Last Update

2014-07-06T00:00:00.000Z

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Background Information

Employment History

Position, Public-Relations Department

Dodgers

Pitcher

TWINS TRIVIA

Pitcher

LA Dodgers

Baseball Player

Major League Baseball

Pitcher

Baseball Digest Daily

Education

Lincoln High School

Web References (60 Total References)


BOBBY CASTILLO PASSES AWAY AT 59 | LADodgerTalk.com

www.ladodgertalk.com [cached]

LOS ANGELES, CA- Former Los Angeles Dodger pitcher Robert "Bobby" Castillo passed away this morning in a Los Angeles hospital after battling cancer. He was 59.

Castillo pitched in Los Angeles from 1977-81 and again in 1985, his last season in the Major Leagues. The right-hander also was a member of the Minnesota Twins from 1982-84. Castillo is survived by his mother, Nellie, his daughter, Mellanie, his daughter, Sara, and her husband, Andrew Sanchez, his son Robert III, and his sister, Lorraine, and her husband, Peter Gonzalez.
...
Castillo had three nieces and nephews, nine grand nieces and nephews and two grandchildren, Jackson and Lila.
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The then 22-year-old Castillo made his big league debut for Los Angeles on Sept. 19 of that year and retired Hall of Famer Johnny Bench for his first big league out.
Castillo, who attended Lincoln High School in Los Angeles, finished with a career record of 38-40 with a 3.94 ERA in 250 games (59 starts). He pitched for the Dodgers in the 1981 National League Championship Series, the '81 World Series and the 1985 NLCS.
Since his retirement, Castillo has been a dedicated member of the Dodger organization, participating in countless events through the years and was a familiar face on Dodger hospital visits, autograph signings and at kids' holiday parties and baseball clinics, to name a few.
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Bobby, you were before the internet and cable TV and I have to admit that I barely remember you, so sorry, all we got back then was day old news and you surely didm't get the print you deserved but thanks for being on our team, may you RIP
...
Really sorry to hear about Castillo. Definitely too young.


Twinstrivia.com | TWINS TRIVIA is hopefully a fun and informative site that will help you to better enjoy the Minnesota Twins and their wonderful history. | Page 2

twinstrivia.com [cached]

Former Twins pitcher Bobby Castillo passes away Posted onJuly 2, 2014byjjswol

Bobby Castillo who pitched for the Minnesota Twins and the Los Angeles Dodgers died on June 30th in a Los Angeles hospital after a battle with cancer. The 5'10 right-handed pitching Castillo was originally drafted by the Kansas City Royals in round 6 of the Jaanuary 1974 amateur draft. The Los Angeles Dodgers purchased Castillo from the Royals in June of 1977 and Castillo pitched for the Dodgers from 1977-1981 posting a 13-14 record with a 3.42 ERA in 138 games primarily in relief.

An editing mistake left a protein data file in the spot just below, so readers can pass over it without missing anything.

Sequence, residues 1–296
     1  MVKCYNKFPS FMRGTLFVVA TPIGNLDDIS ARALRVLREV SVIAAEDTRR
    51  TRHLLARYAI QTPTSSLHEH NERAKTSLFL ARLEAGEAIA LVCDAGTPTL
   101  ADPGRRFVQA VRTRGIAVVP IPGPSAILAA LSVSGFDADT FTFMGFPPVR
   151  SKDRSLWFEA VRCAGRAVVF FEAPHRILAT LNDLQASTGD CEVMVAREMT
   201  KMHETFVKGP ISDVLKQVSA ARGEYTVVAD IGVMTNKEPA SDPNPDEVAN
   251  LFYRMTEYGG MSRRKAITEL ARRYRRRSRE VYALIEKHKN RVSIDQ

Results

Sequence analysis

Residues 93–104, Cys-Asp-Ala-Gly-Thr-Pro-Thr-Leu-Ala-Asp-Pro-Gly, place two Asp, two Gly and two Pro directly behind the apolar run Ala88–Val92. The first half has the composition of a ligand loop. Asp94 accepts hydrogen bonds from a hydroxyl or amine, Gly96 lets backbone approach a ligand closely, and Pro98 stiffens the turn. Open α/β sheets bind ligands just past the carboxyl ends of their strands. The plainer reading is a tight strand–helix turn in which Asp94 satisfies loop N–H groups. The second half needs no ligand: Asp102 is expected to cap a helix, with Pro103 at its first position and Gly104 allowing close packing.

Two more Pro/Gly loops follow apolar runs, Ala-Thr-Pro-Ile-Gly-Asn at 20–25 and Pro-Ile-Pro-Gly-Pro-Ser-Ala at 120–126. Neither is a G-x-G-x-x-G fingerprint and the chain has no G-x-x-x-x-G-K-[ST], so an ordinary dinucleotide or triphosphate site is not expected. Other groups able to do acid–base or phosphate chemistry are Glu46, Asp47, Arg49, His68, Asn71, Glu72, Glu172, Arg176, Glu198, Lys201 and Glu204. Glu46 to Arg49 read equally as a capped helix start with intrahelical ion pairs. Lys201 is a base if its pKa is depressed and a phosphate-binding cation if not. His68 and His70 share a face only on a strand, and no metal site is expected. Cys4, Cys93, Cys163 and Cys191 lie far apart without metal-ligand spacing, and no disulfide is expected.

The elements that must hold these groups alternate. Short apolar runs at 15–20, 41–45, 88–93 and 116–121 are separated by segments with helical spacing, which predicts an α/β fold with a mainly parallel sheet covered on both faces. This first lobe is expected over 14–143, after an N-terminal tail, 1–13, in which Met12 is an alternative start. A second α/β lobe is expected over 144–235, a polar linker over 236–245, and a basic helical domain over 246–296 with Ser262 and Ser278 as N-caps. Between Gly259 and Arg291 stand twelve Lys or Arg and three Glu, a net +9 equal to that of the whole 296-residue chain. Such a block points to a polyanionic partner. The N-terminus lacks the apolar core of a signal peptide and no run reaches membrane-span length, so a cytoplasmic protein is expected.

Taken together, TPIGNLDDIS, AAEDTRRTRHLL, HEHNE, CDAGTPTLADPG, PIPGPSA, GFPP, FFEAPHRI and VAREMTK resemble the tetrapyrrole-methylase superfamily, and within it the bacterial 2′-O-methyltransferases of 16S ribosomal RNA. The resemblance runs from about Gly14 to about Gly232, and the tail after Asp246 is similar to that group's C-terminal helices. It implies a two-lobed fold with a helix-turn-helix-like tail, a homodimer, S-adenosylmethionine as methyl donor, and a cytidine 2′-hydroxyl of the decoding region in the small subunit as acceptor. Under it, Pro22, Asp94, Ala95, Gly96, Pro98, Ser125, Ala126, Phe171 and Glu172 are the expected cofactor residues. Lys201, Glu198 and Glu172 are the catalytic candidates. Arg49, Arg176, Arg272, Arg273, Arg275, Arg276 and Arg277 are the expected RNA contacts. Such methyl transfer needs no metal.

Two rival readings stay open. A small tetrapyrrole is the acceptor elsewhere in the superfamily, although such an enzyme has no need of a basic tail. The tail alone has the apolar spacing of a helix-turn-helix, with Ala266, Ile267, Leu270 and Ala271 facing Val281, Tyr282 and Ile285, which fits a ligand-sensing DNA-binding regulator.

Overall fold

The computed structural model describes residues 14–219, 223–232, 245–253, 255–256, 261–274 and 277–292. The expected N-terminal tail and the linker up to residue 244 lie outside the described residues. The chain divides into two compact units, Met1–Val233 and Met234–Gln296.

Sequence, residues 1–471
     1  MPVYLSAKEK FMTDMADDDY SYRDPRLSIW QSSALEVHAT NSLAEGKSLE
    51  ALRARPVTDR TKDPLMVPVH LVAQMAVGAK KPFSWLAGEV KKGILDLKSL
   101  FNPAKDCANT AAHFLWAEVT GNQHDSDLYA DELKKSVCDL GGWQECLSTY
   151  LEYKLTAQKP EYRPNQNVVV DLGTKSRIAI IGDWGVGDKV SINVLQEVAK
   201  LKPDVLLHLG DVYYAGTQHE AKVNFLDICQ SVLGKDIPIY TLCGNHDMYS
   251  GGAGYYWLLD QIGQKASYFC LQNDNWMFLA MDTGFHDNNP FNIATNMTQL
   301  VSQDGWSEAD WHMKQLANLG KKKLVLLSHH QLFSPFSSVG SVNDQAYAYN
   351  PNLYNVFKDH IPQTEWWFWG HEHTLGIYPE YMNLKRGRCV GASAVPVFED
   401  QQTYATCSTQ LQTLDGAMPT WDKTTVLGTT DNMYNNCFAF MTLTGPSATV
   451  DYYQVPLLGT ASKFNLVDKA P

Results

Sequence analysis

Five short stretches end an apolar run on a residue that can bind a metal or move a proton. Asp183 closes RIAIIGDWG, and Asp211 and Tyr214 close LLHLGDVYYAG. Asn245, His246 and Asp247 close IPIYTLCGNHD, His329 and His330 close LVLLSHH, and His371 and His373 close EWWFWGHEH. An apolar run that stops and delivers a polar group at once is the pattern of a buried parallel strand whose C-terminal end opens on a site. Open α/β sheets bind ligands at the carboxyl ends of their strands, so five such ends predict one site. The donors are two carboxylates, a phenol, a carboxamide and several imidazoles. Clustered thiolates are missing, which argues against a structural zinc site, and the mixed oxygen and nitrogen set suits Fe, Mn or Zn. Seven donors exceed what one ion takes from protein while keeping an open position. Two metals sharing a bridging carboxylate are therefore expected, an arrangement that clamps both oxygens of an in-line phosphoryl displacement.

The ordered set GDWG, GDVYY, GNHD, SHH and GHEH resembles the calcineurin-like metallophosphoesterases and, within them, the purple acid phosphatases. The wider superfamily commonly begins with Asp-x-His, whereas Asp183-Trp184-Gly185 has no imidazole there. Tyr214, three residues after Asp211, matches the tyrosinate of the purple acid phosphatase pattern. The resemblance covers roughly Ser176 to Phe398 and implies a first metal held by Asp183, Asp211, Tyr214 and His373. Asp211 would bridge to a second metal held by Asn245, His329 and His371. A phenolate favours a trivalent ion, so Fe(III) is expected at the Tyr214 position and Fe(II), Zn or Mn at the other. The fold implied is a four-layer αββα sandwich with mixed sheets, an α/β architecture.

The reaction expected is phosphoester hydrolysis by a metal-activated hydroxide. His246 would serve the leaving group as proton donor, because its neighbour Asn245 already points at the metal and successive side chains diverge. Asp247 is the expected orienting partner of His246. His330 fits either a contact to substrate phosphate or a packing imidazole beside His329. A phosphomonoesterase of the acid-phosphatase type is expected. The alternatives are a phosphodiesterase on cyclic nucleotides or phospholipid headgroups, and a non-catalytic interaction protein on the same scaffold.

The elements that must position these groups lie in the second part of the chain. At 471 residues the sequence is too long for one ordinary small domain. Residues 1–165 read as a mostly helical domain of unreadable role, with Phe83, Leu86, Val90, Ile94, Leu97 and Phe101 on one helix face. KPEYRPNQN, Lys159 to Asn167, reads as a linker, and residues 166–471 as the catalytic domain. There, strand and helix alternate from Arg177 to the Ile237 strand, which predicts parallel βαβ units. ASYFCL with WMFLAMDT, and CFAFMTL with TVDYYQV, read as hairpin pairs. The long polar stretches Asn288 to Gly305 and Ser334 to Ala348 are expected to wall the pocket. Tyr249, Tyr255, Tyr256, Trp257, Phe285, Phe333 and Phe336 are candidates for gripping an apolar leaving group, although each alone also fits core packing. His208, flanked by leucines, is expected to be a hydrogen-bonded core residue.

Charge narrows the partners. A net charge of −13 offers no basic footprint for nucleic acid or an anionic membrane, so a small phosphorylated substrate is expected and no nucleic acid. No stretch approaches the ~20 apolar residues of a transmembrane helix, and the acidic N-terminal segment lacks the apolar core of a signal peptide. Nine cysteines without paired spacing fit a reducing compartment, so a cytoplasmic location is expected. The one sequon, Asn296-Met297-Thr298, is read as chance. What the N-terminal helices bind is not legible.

Bobby Castillo The Twins acquired Castillo along with outfielder Bobby Mitchell from the Dodgers in a January 1982 trade for pitcher Paul Voigt and utility man Scotti Madison.
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The Twins turned Castillo into a starter in 1982 and the man who had never pitched more than 99 innings in a season for the Dodgers had a career season going 13-11 with 3.66 ERA in 25 starts. Castillo also pitched 15 games in relief and when the Twins dismal 60-102 season finally ended, Castillo had pitched 218.2 innings. In 1983 Castillo was 8-12 in 25 starts with a 4.77 ERA and in 1984 he pitched sparingly for the Twins mostly in relief (just 10 games) and had a 2-1 record with a 1.78 ERA. Castillo became a free agent after the 1984 season and resigned with the Dodgers where he pitched his final big league season in 1985. Castillo, who attended Lincoln High School, finished with a career record of 38-40 with a 3.94 ERA in 250 games, making 59 starts. He pitched for LA in the 1981 National League Championship Series, the World Series that same year and the 1985 NLCS. After his big league career had ended, Castillo pitched for the Monterrey Sultanes and the Mexican League in 1986 and the Chunichi Dragons in the Japanese Central League in 1987.